This paper addresses the question of why voluntary movement, which induces a perturbation to balance, is possible without falling down. It proceeds from a joint biomechanical and physiological approach, and consists of three parts. The first one introduces some basic concepts that constitute a theoretical framework for experimental studies. The second part considers the various categories of "postural adjustments" (PAs) and presents major data on "anticipatory postural adjustments" (APA). The last part explores the concept of "posturokinetic capacity" (PKC) and its possible applications.
"The results of our study show that control subjects initiated muscle activity before the time point where the upcoming supporting leg is suggested to be loaded (Mx onset) (Dingenen et al., 2015b, 2015c) for all muscles except gluteus maximus in the eyes closed condition. This anticipatory muscle activity prepares the lower extremity for the upcoming postural perturbation created by the voluntary movement (shifting the weight from DLS to SLS) and is believed to be beneficial to develop efficient joint stabilization strategies (Aruin & Latash, 1995; Bouisset & Do, 2008; Hodges & Richardson, 1997; Wikstrom et al., 2006; Williams et al., 2001). In contrast, the ACLI group initiated muscle activity typically after the Mx onset, except for tensor fascia latae in both vision conditions and gluteus medius in the eyes open condition. "
[Show abstract][Hide abstract] ABSTRACT: The goal of this study was to evaluate muscle activation onset times (MAOT) of both legs during a transition task from double-leg stance (DLS) to single-leg stance (SLS) in anterior cruciate ligament injured (ACLI) (n = 15) and non-injured control subjects (n = 15) with eyes open and eyes closed. Significantly delayed MAOT were found in the ACLI group compared to the control group for vastus lateralis, vastus medialis obliquus, hamstrings medial, hamstrings lateral, tibialis anterior, peroneus longus and gastrocnemius in both vision conditions, for gluteus maximus and gluteus medius with eyes open and for tensor fascia latae with eyes closed. Within the ACLI group, delayed MAOT of tibialis anterior with eyes open and gastrocnemius with eyes closed were found in the injured leg compared to the non-injured leg. All other muscles were not significantly different between legs. In conclusion, the ACLI group showed delayed MAOT not only around the knee, but also at the hip and ankle muscles compared to the non-injured control group. No differences between both legs of the ACLI group were found, except for tibialis anterior and gastrocnemius. These findings indirectly support including central nervous system re-education training to target the underlying mechanisms of these altered MAOT after ACL injury.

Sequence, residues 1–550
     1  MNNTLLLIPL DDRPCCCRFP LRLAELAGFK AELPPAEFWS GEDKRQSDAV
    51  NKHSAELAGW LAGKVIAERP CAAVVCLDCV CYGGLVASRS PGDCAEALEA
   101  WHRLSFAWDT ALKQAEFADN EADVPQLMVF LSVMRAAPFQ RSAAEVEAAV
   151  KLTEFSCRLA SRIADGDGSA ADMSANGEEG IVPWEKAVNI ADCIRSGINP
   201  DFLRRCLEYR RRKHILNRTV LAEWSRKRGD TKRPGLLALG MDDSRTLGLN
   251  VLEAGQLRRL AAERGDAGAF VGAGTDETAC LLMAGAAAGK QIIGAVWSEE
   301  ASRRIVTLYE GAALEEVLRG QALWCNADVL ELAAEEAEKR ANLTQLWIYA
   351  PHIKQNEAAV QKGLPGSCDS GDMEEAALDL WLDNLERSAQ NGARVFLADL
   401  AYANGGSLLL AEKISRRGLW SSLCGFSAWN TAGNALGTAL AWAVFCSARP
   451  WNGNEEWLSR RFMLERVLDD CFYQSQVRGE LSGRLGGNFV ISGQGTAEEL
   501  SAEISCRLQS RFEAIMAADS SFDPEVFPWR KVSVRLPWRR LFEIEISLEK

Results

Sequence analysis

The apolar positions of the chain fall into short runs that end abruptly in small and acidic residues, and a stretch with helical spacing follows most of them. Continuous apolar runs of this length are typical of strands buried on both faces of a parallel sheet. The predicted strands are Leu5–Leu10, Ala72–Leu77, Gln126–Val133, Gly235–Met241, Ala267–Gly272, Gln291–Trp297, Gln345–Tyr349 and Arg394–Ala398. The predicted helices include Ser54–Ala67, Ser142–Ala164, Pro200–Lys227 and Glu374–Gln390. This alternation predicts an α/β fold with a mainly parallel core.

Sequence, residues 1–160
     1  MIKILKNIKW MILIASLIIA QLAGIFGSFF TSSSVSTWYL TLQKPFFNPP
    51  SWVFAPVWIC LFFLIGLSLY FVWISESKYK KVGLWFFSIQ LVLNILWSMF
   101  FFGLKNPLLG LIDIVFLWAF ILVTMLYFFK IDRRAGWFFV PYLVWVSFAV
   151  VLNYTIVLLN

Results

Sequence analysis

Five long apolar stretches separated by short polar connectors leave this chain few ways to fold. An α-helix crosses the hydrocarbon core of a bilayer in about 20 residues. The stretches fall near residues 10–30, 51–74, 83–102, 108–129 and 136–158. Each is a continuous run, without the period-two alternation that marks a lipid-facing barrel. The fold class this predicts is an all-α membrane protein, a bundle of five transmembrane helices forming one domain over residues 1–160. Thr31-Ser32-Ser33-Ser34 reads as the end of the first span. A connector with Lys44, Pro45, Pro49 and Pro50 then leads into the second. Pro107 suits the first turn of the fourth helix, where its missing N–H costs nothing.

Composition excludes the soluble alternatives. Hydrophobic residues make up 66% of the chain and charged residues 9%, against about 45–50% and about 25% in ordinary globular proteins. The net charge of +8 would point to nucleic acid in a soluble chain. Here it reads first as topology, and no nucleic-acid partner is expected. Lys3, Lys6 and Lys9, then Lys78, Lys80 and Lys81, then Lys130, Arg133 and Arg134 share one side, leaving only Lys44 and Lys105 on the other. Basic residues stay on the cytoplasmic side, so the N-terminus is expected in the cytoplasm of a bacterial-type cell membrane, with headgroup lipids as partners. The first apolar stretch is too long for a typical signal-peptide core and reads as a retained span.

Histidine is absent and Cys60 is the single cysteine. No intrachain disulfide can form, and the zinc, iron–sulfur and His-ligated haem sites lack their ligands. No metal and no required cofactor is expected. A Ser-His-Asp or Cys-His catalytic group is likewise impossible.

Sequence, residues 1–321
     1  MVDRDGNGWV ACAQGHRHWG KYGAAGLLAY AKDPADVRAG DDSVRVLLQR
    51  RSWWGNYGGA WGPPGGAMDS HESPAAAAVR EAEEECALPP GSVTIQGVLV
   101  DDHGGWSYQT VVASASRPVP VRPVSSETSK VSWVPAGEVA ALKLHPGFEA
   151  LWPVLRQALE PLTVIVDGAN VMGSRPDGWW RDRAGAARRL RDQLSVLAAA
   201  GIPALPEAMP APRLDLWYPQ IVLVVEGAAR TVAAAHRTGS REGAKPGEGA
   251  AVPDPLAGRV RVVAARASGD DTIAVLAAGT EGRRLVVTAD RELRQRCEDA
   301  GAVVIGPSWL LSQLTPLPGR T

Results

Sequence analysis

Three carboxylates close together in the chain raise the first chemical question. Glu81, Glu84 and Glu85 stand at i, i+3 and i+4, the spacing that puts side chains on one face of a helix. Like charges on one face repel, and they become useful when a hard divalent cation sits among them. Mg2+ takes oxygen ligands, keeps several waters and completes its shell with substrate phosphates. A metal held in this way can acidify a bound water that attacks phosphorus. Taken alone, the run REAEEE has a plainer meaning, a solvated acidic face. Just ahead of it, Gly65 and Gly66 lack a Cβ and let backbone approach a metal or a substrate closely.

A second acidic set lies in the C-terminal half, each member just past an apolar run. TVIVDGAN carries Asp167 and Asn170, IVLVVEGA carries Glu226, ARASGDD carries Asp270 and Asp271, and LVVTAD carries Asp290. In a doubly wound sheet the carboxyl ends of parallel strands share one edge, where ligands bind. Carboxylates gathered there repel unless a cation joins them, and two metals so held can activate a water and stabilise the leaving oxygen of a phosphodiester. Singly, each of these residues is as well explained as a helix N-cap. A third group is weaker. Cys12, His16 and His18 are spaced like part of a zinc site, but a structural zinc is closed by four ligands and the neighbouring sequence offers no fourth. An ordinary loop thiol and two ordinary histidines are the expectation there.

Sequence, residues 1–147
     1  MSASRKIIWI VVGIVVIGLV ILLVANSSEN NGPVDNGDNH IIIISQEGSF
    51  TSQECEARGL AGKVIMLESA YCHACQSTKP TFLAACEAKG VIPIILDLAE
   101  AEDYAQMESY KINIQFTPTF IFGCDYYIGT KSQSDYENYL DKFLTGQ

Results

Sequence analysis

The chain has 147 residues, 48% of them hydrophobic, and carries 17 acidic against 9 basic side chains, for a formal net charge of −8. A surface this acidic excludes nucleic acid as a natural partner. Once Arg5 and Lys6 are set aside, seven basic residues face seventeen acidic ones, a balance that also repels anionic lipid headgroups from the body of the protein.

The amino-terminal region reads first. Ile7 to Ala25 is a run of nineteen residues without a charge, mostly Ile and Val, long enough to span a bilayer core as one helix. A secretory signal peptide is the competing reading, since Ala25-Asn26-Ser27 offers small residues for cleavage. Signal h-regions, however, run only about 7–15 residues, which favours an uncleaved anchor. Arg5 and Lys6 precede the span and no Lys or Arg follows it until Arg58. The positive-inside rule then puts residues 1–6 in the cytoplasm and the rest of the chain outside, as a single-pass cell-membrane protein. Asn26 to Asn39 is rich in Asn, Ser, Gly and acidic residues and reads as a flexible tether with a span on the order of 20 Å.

Human Movement Science 12/2015; 44:234–245. DOI:10.1016/j.humov.2015.09.007 · 1.60 Impact Factor
"The study of multisegmental movements (head, trunk and hip), and the COM relative to the COP provides information on the strategies used to control dynamic equilibrium   . Moreover, the gap between the COM and the COP trajectories allows to explain the generation of the dynamic forces (e.g., propulsive forces) needed to walk . "
[Show abstract][Hide abstract] ABSTRACT: This study sought to highlight the balance control process during gait in children with Cerebral Palsy (CP) by analyzing the different strategies used in order to generate forward motion whilst maintaining balance. Data were collected using a motion analysis system in order to provide a clinical gait analysis for 16 children with CP and 16 children with Typical Development. Significant differences between the two groups are observed in terms of kinetic data of the propulsive forces of the Center of Mass (COM) and of the Center of Pressure (COP) dynamic trajectory and for locomotor parameters. The imbalance generated by divergent trajectories of COM and COP produce the propulsive forces responsible for human gait initiation. Moreover, we observe in children with CP an “en bloc” postural strategy resulting in increasing divergence between trajectories of COM-COP. This particular strategy of the children with CP is characterized by a greater time duration between the moment of COM-COP trajectory divergence and the moment where the forward propulsive forces became apparent.
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